Beatriz Williams: Oh, how you mess with your readers’ minds. Or at least my mind, because you had me so confused I didn’t know which way was up.
Back in 2017, Williams released Cocoa Beach, which is referred to as a “standalone novel,” meaning not part of one of her series. I reviewed that book here. I didn’t care for Cocoa Beach much, and was annoyed by the confusion created by references and ties to other of her books which readers may or may not have read. The author does this so often that she literally has a family tree available to readers to keep track of who is whom. But most annoyingly, she ended that book with reference to a redheaded woman and a man arriving at the home of the main characters, clearly in trouble. We are never told who they are or where they came from. Hello Sequel.
Well, if I had been paying attention, I would have recalled a redhead who escaped certain death at the end of another one of her novels, The Wicked City (a book I read but never reviewed).
Here it is, three years later, and we are able to access The Wicked Redhead, and finally tie the stories together. Interestingly, the publishers call The Wicked Redhead the second in “the Wicked City books,” never mentioning the standalone novel Cocoa Beach.
Having said all of that, I must admit that I liked The Wicked Redhead very much. Perhaps it was just because I could finally tie all of the stories together.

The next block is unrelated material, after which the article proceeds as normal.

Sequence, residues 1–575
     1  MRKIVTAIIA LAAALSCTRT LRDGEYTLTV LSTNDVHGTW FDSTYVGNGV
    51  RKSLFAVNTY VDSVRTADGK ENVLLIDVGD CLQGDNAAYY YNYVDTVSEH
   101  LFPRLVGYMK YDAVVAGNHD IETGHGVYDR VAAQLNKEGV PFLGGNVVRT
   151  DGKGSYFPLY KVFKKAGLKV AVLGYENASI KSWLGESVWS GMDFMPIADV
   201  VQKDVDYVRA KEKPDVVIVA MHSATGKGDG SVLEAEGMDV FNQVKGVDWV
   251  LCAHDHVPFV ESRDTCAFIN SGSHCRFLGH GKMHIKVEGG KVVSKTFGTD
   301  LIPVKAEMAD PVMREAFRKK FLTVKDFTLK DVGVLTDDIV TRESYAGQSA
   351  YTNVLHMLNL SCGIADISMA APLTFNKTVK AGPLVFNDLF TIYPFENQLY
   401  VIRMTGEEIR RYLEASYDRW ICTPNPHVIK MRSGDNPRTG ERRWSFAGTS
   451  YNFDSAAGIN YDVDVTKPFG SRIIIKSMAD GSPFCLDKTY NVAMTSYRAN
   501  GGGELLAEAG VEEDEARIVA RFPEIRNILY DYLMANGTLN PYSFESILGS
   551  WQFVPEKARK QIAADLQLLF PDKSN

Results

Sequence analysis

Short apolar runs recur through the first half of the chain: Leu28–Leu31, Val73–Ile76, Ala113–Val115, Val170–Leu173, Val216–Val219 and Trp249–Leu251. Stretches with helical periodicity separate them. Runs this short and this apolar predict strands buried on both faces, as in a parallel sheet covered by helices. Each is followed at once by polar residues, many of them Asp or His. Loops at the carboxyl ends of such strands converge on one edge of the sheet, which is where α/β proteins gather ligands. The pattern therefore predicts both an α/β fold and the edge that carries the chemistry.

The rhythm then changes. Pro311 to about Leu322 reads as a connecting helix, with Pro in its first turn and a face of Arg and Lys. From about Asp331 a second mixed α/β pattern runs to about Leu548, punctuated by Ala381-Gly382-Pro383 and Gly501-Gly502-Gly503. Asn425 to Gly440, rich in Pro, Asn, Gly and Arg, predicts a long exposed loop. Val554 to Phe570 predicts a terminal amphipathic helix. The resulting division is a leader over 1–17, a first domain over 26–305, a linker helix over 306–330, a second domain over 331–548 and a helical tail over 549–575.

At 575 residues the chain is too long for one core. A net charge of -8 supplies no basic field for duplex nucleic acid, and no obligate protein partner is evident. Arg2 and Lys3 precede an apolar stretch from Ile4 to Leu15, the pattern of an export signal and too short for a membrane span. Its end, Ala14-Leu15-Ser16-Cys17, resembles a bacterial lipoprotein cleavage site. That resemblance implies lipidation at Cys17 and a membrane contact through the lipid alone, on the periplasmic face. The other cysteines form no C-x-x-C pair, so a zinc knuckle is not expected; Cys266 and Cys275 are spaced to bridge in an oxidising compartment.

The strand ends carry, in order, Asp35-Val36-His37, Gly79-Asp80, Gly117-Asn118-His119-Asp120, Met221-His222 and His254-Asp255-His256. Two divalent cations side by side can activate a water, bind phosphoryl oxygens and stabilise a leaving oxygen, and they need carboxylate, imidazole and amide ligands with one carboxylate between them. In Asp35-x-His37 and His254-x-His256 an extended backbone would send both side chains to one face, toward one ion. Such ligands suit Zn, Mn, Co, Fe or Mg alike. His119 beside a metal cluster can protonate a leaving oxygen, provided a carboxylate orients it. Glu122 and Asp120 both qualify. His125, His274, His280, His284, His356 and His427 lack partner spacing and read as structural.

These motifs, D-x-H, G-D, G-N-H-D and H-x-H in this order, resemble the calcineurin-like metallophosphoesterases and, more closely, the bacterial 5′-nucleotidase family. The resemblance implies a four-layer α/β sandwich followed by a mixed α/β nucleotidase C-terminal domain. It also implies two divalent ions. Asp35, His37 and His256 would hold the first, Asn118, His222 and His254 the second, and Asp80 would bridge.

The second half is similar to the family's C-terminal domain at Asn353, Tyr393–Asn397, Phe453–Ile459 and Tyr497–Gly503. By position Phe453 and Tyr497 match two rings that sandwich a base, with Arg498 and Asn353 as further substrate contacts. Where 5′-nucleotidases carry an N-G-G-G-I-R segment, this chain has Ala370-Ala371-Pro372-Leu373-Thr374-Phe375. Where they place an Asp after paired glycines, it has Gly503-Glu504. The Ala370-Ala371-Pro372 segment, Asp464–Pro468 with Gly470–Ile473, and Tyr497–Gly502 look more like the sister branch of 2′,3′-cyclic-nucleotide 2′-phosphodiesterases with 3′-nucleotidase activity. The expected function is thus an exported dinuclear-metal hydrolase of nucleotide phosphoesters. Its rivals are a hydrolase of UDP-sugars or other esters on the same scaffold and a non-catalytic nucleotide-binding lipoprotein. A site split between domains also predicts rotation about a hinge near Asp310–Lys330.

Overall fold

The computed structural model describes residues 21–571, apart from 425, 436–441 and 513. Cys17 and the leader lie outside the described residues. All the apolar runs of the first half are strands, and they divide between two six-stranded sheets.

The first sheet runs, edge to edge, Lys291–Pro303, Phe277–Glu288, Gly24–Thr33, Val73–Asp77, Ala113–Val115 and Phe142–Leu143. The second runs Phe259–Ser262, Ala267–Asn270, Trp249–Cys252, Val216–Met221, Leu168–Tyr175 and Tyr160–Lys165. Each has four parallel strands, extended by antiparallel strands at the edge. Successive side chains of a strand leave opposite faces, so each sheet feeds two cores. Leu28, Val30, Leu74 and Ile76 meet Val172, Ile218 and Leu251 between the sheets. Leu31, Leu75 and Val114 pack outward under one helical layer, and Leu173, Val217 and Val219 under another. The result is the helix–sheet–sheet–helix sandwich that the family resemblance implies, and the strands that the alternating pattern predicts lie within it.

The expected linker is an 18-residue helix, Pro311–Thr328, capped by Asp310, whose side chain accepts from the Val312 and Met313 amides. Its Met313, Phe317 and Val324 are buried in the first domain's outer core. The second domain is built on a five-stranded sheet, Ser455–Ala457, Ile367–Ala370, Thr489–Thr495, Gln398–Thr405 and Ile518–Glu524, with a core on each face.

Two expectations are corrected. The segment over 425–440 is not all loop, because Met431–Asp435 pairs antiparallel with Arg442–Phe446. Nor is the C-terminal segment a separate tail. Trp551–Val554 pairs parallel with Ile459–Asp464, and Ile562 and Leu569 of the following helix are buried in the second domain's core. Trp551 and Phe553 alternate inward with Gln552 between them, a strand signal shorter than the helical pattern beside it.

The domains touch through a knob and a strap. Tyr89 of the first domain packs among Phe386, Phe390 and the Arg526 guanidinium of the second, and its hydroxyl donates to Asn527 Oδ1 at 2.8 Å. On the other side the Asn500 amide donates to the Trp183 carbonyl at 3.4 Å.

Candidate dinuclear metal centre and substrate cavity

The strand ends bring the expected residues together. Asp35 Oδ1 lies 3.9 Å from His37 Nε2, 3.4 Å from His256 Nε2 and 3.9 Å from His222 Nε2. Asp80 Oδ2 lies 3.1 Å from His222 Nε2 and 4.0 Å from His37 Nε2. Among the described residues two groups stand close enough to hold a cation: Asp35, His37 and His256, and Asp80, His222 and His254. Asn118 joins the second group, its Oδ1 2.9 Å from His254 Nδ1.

It’s 1924, and beautiful Ginger Kelly and her disgraced prohibition agent lover Oliver Anson Marshall arrive at the home of friends, running away from trouble and mayhem which left Gin’s evil stepfather dead. Accompanying them is Gin’s little sister Patsy. Mysteriously, Oliver is asked to return to his prohibition duties, leaving Gin and Patsy behind. It isn’t long before Gin is persuaded to undertake an odd duty by Oliver’s mother.
Meanwhile, it’s 1998, and Ella Dommerich (whom we met in The Wicked City) has discovered her husband is not only being unfaithful, but messing around with prostitutes. She leaves him, and quickly falls for her landlord Hector, whom we also met in that same book. She comes across some vintage postcards featuring a beautiful redheaded woman wearing little clothing. Having resigned her job, she has little to do, so begins researching this woman’s background.
It doesn’t take much imagination to tie the two stories together, but I will admit to being caught up in the process. Even though I find some of Williams’ tricks annoying, I will acknowledge that the woman can write a good yarn.
Some of the story is simply not believable, at least to this reader. Overall, however, I really enjoyed putting the pieces together.